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Re: Open Letter to Whole Foods

Postby XkillerX » Thu Sep 20, 2012 2:48 pm

Did you just read what Hiking fox wrote about organic and humane meat?

Besides, there aren't enough "idyllic" places in the world to feed 1 million people with *proper* "humane"/"organic" meat (either way sounds disgusting to me), let alone 7 billion.

The keyword is EDUCATION.

Yes, it is a huge problem if, say, 500 million north americans refuse to give up meat.

But how huge of a problem will we get if 3+ billion asians decide that they had it with their traditional (mostly vegan) diet, and want to eat the "new", "american" way.

Unless they get some serious education really fast about the end of the world etc that will result from their switch, this planet is screwed.
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Re: Open Letter to Whole Foods

Postby loveliberate » Thu Sep 20, 2012 2:56 pm

We *are* probably screwed. That said, we have to keep trying & I could definitely see a rapid shift to most people eating at least a lot less meat than they had been.
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Re: Open Letter to Whole Foods

Postby XkillerX » Thu Sep 20, 2012 3:14 pm

[quote="beforewisdom"]I worked my way through gradschool in a food co-op which got most of its revenue from selling sandwiches at lunch time. We experimented with offering mock meats, which never did well. We also experimented with no-meat days and experienced a huge drop in business. I personally worked those days and saw people just leave after waiting in line rather than trying something else. These were people in their 20s, liberal college faculty and people fine with going to a very crunch alternative place to eat.


I see this more and more as a problem and like always "cultism" is to blame. Deathatarians will never be seen as a cult because of their overwhelming majority, but if you look at their behaviour and refusal to even try anything out of the ordinary, it is very cultist indeed. On the other hand, most vegheads try to stick together into something that to me seems more of a "support group" than an organised effort to actually educate others and make a difference. This is especially closely related to people who tend to get attracted to veg*ism (ESPECIALLY RAWFOODISM. YES I AM TALKING ABOUT YOU.) because they are nutters and find it a convenient opportunity to further exercise their psychological problems/disorders (mostly eating disorders, but there are plenty of other nutcases as well). Thus, doing the exact opposite = exact equal behaviour of the afotermentioned cultish deathatarians = NO CHANGE.

What it all boils down to is, I guess, diving straight into the layers of the deathatarian cultists and slapping some common sense into them. You can practise this at your local falafel place where 99% they sell tons of meat. Next time the workers propose a delicious falafel, but the customers hesitate "because they want meat and never ate, wtf, chickpeas in their life", just cut their drama short and let them know they need to try it because it's the blood of jeebus reincarnated and they need to stop being such squares and try something different.
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Re: Open Letter to Whole Foods

Postby Hiking Fox » Thu Sep 20, 2012 5:38 pm

[quote="Fallen_Horse"] And I would rather have those animals treated well before they are killed rather than treated poorly.


This is a myth. Organically-reared animals are not treated "well", they are units if production in the same way as animals reared in more intensive ways. They are crowded together, loaded onto trucks, driven long distances and killed at a very young age by being hung upside down and having their throats slit.

The fact that there are tight controls over what they are fed and medicated with and have slightly more space is of little consequence. I turned vegan after working on organic sheep and egg farms and realising just how cruel they were.

Why are many vegan and animal activists doing such a good marketing job for this shameful slave industry?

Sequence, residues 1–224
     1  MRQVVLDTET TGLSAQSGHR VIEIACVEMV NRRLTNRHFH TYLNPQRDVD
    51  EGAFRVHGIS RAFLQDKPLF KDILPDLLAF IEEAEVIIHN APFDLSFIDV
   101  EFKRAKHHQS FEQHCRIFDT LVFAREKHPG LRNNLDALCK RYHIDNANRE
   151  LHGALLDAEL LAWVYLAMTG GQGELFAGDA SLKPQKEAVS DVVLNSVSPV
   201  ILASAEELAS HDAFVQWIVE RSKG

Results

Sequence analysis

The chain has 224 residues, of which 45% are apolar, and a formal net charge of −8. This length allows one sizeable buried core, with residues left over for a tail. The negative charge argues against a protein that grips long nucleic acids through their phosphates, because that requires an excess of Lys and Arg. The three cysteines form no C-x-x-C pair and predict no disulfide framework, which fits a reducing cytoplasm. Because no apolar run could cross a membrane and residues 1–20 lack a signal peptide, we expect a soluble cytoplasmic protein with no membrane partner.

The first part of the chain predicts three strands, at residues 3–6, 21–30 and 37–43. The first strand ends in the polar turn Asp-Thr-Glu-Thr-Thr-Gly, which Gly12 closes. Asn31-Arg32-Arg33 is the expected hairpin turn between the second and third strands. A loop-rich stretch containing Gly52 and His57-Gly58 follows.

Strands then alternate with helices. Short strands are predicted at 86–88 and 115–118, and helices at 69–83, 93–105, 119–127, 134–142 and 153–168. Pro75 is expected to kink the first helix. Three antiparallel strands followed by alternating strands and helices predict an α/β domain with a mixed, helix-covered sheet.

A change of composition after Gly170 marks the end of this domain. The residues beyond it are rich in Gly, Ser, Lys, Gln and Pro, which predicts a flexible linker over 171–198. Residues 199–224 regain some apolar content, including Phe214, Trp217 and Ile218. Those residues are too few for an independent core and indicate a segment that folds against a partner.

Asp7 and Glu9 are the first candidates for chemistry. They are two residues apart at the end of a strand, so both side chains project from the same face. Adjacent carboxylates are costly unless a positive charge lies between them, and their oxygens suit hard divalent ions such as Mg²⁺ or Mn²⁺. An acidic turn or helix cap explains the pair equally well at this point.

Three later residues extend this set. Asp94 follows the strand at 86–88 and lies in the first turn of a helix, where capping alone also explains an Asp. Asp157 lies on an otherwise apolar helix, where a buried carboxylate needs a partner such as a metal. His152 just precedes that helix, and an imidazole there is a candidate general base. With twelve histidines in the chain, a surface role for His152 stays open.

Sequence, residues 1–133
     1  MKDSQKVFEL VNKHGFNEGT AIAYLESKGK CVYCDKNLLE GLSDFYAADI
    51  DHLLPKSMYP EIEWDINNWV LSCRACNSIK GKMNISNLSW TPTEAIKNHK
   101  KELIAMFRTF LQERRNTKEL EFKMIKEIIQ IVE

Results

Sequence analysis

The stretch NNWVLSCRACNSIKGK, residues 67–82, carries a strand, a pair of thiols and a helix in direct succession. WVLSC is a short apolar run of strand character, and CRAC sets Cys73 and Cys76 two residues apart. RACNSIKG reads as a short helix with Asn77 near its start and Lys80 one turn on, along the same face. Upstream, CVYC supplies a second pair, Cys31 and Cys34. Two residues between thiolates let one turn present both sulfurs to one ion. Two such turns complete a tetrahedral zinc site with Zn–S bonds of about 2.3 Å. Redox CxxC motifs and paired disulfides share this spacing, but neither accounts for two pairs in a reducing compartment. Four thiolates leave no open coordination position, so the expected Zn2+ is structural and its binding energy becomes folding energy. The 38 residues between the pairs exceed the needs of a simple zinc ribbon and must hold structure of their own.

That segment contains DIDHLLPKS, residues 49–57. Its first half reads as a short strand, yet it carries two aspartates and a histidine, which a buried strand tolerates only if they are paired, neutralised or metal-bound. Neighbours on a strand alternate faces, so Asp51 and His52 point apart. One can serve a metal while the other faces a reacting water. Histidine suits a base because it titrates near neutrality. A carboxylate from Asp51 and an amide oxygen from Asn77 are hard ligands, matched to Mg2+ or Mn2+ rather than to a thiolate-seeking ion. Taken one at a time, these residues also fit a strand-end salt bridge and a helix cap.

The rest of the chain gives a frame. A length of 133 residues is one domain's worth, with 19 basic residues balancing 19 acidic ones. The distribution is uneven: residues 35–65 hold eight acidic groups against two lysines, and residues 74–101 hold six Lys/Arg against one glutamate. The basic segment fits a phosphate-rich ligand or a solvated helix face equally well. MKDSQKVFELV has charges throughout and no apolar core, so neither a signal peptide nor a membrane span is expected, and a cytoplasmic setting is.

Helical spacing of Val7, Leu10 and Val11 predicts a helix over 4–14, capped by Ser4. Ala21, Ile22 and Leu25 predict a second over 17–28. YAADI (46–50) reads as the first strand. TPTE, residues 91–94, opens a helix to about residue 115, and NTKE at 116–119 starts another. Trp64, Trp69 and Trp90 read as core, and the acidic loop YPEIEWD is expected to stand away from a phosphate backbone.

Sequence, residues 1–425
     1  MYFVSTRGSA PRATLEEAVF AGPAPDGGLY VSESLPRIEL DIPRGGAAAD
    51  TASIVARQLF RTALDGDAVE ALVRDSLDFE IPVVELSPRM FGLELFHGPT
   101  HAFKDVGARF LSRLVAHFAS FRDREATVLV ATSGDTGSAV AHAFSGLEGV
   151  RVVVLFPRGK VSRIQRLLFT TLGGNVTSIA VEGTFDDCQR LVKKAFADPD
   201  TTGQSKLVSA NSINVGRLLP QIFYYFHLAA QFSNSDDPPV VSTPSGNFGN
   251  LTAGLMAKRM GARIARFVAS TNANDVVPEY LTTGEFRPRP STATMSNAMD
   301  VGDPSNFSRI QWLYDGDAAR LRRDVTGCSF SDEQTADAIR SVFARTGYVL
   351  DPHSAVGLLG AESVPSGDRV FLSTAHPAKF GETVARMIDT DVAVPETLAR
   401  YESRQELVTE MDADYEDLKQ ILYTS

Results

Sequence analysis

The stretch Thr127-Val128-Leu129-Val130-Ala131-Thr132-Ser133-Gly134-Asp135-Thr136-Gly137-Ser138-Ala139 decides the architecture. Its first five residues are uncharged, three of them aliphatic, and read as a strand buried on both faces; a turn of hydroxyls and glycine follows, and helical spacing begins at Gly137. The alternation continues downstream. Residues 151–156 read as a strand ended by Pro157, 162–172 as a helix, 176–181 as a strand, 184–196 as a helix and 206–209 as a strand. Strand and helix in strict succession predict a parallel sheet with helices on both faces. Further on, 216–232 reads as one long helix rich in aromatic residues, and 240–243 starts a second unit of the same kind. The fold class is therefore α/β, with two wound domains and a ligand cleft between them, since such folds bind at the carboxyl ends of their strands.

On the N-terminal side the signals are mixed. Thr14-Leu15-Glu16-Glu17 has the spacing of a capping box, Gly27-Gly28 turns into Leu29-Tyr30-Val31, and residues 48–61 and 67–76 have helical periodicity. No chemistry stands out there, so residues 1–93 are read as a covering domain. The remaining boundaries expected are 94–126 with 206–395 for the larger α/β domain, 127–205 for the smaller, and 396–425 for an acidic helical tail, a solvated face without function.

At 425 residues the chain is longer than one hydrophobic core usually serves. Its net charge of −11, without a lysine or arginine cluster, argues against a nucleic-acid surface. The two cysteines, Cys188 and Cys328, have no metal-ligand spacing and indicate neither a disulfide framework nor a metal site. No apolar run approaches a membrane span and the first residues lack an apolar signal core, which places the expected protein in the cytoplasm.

[quote] 'Humane' meat is a lesser evil than inhumane meat.


Only marginally, and the people who buy it aren't usually the same ones who buy non-organic meat, they're statistically more likely to be ex-vegetarians. So the growth in organic meat has not spared animals suffering.

If it is too radical to some activists to promote a totally vegan diet to everybody, then a logical and much more effective step is to urge people to consume fewer animal products.
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Re: Open Letter to Whole Foods

Postby XkillerX » Thu Sep 20, 2012 6:34 pm

also, could a US resident bring me up to speed on the price comparison between meat and 'not-meat'.

For a while now the price of meat has been steadily rising here, one would think the tofu/tempeh/seitan makers would seize the day and increase marketing and lower prices to convince more and more financially challanged people to make the switch.

Sadly that has not happened here and if one thing is for sure, it's that no matter how expensive meat got , 'not-meat' has gotten even more expensive compared to anything.
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Re: Open Letter to Whole Foods

Postby Fallen_Horse » Fri Sep 21, 2012 3:35 am

[quote="Hiking Fox"][quote="Fallen_Horse"] And I would rather have those animals treated well before they are killed rather than treated poorly.


This is a myth. Organically-reared animals are not treated "well", they are units if production in the same way as animals reared in more intensive ways. They are crowded together, loaded onto trucks, driven long distances and killed at a very young age by being hung upside down and having their throats slit.

The fact that there are tight controls over what they are fed and medicated with and have slightly more space is of little consequence. I turned vegan after working on organic sheep and egg farms and realising just how cruel they were.

Why are many vegan and animal activists doing such a good marketing job for this shameful slave industry?

[quote] 'Humane' meat is a lesser evil than inhumane meat.


Only marginally, and the people who buy it aren't usually the same ones who buy non-organic meat, they're statistically more likely to be ex-vegetarians. So the growth in organic meat has not spared animals suffering.

If it is too radical to some activists to promote a totally vegan diet to everybody, then a logical and much more effective step is to urge people to consume fewer animal products.

I disagree, but I'm not on a vegan forum to argue against veganism so I will leave it at that.